MCA Was Out-Negotiated by Its Japanese Suitor

In your articles by Tom Petruno and James Flanigan, “Is MCA Smart to Sell Now . . . Or Should It Have Held On?” (Nov. 28), Petruno is probably correct that now is a time to sell if you must. But as Flanigan points out, there was no apparent compelling economic reason for MCA to sell at this time.

With so much indicated value left on the table, Chairman and Chief Executive Lew R. Wasserman, et al., were simply ill-prepared and out-negotiated. Negotiating from a position of overwhelming strength, as MCA did for years, makes for reputation but does not sharpen bargaining skills.

If Flanigan’s figures are correct, the results suggest that the MCA team neither set concrete limits nor did it make an effort to assess the real value of the deal to Matsushita.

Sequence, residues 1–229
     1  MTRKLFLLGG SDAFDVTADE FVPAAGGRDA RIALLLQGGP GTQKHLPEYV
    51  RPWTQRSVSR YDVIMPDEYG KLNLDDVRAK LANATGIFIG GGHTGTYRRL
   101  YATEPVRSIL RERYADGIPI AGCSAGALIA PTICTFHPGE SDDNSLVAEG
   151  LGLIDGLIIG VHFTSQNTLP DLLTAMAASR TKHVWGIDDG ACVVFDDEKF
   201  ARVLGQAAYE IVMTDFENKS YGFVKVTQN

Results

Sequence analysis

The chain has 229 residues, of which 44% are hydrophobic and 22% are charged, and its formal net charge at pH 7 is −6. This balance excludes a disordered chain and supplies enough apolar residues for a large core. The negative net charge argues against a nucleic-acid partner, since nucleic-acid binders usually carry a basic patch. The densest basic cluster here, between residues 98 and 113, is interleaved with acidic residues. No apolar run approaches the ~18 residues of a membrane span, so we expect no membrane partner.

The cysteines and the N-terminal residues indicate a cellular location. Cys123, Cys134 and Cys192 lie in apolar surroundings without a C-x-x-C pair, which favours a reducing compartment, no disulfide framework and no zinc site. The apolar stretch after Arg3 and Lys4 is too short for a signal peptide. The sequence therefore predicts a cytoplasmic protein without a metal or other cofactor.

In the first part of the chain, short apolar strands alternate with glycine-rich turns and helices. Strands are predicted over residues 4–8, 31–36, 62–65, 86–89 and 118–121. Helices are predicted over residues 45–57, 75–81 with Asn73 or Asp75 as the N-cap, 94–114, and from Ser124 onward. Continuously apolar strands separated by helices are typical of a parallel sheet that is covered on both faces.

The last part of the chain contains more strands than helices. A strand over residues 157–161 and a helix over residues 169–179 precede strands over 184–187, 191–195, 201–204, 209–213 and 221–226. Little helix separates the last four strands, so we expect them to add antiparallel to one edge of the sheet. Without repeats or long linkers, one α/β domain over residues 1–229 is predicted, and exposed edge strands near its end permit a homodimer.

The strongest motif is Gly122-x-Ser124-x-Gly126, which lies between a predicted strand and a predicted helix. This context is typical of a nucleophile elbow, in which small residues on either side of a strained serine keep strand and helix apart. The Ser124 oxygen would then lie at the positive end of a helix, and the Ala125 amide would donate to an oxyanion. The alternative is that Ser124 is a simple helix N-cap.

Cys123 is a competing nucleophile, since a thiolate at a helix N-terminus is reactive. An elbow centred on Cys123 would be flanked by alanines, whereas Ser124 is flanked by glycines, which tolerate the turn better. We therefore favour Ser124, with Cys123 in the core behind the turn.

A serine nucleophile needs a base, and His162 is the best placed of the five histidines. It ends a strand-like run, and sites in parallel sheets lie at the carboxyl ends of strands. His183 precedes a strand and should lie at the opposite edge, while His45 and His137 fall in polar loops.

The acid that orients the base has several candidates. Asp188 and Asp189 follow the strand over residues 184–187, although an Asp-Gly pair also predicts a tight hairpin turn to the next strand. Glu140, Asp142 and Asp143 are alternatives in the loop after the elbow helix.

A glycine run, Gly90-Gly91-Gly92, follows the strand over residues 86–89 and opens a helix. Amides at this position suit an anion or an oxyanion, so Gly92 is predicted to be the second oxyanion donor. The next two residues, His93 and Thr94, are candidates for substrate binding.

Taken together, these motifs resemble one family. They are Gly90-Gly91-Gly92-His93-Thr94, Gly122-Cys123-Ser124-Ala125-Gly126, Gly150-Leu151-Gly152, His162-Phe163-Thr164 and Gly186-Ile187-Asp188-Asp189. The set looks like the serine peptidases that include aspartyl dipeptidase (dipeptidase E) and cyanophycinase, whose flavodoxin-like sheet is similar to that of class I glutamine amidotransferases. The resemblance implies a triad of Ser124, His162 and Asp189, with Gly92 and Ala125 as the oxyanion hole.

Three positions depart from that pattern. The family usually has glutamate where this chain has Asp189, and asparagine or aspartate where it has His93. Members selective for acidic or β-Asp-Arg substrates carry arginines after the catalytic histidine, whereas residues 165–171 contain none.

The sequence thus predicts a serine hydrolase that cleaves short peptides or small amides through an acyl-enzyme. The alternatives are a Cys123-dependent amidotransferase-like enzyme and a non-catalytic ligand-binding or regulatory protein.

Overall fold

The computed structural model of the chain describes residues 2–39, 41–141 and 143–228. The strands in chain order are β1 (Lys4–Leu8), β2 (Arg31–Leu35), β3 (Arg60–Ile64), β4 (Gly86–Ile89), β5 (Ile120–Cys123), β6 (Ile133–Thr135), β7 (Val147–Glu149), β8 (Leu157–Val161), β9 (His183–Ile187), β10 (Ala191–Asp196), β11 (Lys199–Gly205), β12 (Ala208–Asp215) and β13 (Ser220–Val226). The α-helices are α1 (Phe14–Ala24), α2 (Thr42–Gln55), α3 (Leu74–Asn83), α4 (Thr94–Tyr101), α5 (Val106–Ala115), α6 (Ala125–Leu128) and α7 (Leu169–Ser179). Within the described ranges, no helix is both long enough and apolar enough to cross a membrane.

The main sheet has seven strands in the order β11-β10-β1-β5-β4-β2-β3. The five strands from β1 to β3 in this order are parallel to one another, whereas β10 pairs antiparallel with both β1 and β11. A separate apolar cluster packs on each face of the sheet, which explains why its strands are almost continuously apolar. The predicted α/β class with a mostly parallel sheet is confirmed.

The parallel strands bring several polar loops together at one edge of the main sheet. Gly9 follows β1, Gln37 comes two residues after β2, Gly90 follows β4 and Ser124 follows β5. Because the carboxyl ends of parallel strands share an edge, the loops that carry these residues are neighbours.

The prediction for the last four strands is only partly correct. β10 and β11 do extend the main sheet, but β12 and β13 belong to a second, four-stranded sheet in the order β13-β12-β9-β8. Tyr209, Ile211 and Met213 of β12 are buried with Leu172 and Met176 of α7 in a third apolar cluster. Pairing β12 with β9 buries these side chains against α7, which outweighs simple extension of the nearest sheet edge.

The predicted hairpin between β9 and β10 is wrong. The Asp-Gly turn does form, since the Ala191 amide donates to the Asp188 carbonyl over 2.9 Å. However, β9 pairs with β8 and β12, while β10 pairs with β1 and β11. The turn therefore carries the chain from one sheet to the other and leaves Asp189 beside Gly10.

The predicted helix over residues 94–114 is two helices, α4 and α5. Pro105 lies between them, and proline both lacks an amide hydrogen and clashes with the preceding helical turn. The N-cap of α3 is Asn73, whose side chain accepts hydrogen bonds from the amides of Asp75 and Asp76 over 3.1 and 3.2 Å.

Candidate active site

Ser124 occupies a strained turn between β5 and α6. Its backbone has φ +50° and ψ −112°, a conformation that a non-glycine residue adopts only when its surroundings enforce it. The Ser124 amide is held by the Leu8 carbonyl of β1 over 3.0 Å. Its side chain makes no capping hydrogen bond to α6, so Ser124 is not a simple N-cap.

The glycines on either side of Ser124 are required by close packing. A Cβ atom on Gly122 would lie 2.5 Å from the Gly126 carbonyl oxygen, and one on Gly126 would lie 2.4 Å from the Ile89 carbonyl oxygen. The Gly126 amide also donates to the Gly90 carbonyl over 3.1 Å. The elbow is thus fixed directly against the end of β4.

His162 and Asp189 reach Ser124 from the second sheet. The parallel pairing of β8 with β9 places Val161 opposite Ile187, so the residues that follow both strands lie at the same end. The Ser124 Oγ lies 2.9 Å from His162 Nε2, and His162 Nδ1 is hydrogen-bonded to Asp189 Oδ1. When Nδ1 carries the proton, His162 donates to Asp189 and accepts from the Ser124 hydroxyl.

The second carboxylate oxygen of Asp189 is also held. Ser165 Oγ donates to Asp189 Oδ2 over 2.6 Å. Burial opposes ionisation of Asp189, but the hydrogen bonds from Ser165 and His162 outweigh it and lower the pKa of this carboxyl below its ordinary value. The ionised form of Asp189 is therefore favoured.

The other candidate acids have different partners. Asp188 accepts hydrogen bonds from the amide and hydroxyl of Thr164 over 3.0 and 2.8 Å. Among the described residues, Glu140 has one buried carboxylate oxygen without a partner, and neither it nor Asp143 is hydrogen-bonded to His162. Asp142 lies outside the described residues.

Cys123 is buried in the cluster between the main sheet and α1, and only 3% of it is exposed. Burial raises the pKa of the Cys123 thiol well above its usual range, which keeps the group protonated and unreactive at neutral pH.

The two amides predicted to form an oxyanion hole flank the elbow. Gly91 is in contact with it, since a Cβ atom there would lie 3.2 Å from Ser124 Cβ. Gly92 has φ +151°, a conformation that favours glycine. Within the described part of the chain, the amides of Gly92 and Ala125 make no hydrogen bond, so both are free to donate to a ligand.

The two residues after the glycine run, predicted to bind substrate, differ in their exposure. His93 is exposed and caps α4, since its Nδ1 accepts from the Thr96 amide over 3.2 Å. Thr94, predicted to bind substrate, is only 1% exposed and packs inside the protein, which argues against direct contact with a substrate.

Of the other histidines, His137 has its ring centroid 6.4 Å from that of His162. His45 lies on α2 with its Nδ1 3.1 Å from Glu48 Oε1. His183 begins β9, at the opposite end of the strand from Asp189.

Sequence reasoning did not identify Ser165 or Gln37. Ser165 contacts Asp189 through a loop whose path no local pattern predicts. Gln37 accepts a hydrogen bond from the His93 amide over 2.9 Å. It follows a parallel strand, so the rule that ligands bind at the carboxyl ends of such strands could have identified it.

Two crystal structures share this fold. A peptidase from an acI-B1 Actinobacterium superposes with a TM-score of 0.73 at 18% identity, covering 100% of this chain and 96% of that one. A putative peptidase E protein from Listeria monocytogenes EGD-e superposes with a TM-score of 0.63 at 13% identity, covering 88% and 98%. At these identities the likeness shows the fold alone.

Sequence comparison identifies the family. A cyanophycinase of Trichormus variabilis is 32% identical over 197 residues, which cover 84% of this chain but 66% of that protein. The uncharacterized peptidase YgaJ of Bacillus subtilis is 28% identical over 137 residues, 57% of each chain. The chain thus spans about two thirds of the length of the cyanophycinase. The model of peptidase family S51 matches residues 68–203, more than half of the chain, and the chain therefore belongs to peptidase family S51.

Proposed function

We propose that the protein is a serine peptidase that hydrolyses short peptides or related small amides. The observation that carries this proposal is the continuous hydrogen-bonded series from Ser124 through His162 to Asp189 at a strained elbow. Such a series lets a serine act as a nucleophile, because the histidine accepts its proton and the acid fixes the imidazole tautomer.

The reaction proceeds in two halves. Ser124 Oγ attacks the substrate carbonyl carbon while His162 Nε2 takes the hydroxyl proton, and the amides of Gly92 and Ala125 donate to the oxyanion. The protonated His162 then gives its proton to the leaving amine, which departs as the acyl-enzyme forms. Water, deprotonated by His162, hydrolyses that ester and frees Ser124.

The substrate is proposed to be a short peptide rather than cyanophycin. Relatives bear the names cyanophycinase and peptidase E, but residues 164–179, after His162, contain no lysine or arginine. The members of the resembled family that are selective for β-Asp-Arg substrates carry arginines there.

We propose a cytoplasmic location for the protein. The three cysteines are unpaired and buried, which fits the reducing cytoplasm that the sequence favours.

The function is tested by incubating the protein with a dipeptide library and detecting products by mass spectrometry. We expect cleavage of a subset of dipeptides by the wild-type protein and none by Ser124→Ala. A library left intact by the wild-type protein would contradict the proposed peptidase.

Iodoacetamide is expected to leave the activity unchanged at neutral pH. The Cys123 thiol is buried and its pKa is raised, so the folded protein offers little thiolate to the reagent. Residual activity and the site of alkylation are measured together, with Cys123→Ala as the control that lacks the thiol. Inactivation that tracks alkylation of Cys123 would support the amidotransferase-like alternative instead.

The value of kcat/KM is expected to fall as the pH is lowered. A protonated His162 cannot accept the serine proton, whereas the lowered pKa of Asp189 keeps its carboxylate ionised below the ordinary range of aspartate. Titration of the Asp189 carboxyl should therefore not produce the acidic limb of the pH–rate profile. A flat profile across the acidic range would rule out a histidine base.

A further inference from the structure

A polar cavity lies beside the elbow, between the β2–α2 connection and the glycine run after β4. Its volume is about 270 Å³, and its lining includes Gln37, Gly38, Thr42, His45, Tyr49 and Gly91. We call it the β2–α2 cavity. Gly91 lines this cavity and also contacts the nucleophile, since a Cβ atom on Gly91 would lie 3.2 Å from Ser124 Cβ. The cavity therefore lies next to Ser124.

The buyer’s value assessment is critical for determining the bluff-content of Japanese negotiating tactics, which rely more on harangue and walkouts than on the quibbling with numbers to which Americans are more accustomed.


Without a definite negotiating plan, it is very difficult to resist the enormous pressure the Japanese place on their opponents.

Too bad for MCA shareholders; good for Matsushita and Michael Ovitz for the better-played game.